ITEM METADATA RECORD
Title: Working memory in children with epilepsy: an event-related potentials study
Other Titles: Werkgeheugen bij kinderen met epilepsie: een "event-related potentials (ERP)" onderzoek
Authors: Myatchin, Ivan; S0110167
Issue Date: 11-Sep-2013
Abstract: There are approximately 10 million children suffering from epilepsy worldwide, with additionally 1,4 million children up to 15 years old developing epilepsy annually. Except seizures, epilepsy also includes a number of other aspects: behavioral and psychological problems, cognitive disability, psychiatric and other neurologic problems, and even sudden death. Among those comorbidities, cognitive impairment is very common in childhood epilepsy as 20-30% patients have mental retardation with IQ<70.In human cognition, working memory constitutes an important part as it lies at the basis of complex higher cognitive functions like reading, language comprehension, mathematical abilities, spatial processing, planning, and other executive functions.In a number of studies, working memory impairments in childhood epilepsy have already been shown. However, event-related potentials (ERP) studies are lacking in research on WM functioning in childhood epilepsy. ERP is a non-invasive technique with high temporal resolution, which is able to provide a neurophysiological “index” of the patients’ cognitive functioning. Therefore we set up this project to study the effect of childhood epilepsy on the development of working memory using a combined approach of neuropsychology and ERP methodology. We aimed to show that epilepsy can disturb working memory functioning in children with epilepsy.First, we studied electrophysiological patterns of visuo-spatial working memory development in a group of healthy and normally developing children in the age range of 6 to 16 years old. An n-backmatching paradigm was used to measure the electrophysiological patterns of working memory development. Behaviorally, children made fewer errors and reacted faster as they got older. ERP analysis showed clear developmental changes: shortening of peak latencies and lowering of peak amplitudes with age, although this was not uniform across the peaks. ‘Exogenous’ components (N150, P250) showed shortening of the latency and lowering of the amplitude with age. On the contrary, ‘endogenous’ components (N400, P450) did not always follow this principle. Our results show that in normal children different ERP components follow different developmental trajectories with the endogenous components developing later. When the fronto-parietal visuo-spatial working memory network is already active, not all its “nodes” are equally mature, so that a child is able to perform in a working memory task, but this performance is not yet perfect.In a next step, visual and visuo-spatial working memory was studied in two groups of normally developing children with well-controlled epilepsy using 1- and 2-backmatching tasks. Children with epilepsy performed equally well on the easy BM1 task but made significantly more omission errors during the more difficult BM2 task. At the electrophysiological level we found in the epilepsy group significantly increased ERP amplitudes over frontal and central regions during the late processing stages (in the time intervals 250-425 msec and 300-500 msec post stimulus). Our findings therefore indicate that even during an easy working memory task children with epilepsy have to develop more effort to achieve normal results. This is a reflection of an adequate compensatory mechanism: increased activity of morphologically normal working memory neuronal circuits in patients with normal intelligence in order to overcome the decrease in neurocognitive efficiency caused by the epilepsy and to achieve the same level of performance as control non-epileptic children. Increasing of task demands leads to exhaustion of this compensatory mechanism: in a difficult task a larger amplitude difference was seen and this was still not sufficient to preserve performance at the level of non-epileptic controls.Next we examined whether those findings are specific for children with epilepsy, or whether it is a more general phenomenon related to frontal dysfunction rather than to a particular pathology. We selected a ‘patient control’ group consisting of children with attention-deficit/hyperactivity disorder (ADHD). This disease is known with frontal functions disturbances and in particular with working memory problems. The same 1- and 2-backmatching visuo-spatial working memory tasks were applied to the ADHD and the control group. We did not find any time intervals of significant ERP amplitude difference between ADHD patients and controls, which proves that the ERP amplitude increase during the late processing stages of working memory is specific for epilepsy.Our studies confirm the role of the epilepsy in the development of WM disturbances in childhood epilepsy and stresses the importance of addressing the cognitive problems in children with epilepsy. In order to prevent or correct cognitive dysfunctions in these children, one should theoretically target the epileptic process itself, and not only the seizures.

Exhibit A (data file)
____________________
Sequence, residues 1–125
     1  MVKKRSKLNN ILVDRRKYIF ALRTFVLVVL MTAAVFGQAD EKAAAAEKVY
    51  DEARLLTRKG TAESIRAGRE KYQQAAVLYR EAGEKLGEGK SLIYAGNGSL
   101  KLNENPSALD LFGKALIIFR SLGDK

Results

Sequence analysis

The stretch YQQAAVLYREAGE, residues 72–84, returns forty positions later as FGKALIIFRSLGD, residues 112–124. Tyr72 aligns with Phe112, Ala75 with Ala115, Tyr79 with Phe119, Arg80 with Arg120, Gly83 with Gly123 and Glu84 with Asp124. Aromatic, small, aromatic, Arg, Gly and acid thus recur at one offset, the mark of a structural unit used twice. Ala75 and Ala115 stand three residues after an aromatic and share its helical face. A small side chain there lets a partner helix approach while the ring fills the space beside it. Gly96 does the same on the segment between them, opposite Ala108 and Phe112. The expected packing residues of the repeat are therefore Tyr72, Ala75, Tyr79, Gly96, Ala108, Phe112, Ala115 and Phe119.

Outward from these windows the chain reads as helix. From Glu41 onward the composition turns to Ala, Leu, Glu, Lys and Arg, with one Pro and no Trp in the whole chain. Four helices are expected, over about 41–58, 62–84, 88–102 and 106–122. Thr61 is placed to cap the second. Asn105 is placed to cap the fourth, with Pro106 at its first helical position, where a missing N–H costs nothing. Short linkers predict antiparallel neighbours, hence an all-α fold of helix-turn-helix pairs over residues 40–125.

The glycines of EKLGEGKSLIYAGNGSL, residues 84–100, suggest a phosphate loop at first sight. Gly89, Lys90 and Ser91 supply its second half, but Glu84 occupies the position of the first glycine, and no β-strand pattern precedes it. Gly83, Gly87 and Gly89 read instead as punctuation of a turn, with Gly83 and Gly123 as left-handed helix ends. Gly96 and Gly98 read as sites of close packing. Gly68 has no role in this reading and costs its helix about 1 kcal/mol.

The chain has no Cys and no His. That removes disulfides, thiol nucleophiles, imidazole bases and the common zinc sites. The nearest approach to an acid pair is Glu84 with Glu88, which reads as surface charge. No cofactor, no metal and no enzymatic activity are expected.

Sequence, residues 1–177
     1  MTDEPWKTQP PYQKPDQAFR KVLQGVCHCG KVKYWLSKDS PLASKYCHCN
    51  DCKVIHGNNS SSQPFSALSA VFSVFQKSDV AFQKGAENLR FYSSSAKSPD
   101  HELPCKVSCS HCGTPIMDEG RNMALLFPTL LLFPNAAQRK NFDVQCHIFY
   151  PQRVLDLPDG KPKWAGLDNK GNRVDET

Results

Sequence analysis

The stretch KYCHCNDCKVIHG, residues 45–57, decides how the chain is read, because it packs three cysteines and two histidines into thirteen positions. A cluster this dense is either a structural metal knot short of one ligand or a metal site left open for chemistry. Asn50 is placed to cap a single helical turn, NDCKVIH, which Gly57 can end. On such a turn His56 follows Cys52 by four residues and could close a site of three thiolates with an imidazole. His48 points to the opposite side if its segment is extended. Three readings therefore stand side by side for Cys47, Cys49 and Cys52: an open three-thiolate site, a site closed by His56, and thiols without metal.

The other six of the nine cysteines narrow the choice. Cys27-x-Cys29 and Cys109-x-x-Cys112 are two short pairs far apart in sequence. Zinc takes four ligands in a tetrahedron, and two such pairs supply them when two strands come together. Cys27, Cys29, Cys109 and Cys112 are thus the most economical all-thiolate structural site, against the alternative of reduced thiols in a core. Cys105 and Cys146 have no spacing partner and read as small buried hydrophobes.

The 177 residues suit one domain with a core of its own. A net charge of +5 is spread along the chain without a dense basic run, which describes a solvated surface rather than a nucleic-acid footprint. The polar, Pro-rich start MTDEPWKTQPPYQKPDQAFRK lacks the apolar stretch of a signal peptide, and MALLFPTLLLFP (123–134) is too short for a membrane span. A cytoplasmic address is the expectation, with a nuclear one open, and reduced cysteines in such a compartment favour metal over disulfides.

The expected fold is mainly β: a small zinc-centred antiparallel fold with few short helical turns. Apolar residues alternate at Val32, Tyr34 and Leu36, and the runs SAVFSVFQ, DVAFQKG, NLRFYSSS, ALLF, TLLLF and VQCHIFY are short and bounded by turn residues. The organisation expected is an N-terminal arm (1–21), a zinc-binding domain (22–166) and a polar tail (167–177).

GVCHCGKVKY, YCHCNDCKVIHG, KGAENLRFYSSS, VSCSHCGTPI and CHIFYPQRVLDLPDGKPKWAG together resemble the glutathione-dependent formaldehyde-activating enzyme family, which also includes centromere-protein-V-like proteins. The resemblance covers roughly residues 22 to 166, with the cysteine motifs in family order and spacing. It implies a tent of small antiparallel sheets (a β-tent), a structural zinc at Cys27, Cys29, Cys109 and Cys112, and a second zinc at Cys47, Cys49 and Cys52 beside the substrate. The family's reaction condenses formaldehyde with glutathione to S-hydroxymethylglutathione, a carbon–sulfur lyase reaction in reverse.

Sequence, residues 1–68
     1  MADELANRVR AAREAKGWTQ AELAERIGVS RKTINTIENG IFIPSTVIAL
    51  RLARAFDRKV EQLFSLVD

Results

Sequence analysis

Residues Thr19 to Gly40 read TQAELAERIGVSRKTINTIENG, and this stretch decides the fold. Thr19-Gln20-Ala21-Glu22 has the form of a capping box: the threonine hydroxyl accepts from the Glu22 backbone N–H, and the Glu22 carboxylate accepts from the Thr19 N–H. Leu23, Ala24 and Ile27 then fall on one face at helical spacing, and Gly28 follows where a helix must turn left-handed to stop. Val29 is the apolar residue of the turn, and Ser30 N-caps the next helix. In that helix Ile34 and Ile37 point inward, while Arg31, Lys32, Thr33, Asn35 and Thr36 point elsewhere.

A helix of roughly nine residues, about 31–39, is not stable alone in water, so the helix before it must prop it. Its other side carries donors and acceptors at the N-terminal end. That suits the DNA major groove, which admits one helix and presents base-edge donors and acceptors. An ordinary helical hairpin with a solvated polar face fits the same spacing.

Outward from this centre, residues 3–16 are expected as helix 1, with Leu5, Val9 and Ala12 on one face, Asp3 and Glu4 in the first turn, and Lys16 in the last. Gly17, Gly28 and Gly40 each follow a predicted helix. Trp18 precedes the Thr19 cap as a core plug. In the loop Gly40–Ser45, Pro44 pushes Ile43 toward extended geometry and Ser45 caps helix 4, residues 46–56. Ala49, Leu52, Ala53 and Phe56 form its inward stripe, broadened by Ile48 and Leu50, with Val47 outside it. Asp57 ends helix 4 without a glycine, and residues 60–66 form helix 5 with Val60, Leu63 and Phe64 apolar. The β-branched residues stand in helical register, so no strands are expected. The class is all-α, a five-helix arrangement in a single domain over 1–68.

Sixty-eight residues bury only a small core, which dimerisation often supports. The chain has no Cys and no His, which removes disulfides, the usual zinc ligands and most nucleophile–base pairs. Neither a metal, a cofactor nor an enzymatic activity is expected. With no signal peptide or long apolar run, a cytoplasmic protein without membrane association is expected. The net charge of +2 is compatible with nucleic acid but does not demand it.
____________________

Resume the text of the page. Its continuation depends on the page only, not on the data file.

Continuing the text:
Publication status: published
KU Leuven publication type: TH
Appears in Collections:Section Child - Miscellaneous (-)
Organ Systems (+)

Files in This Item:

There are no files associated with this item.

Request a copy

 




All items in Lirias are protected by copyright, with all rights reserved.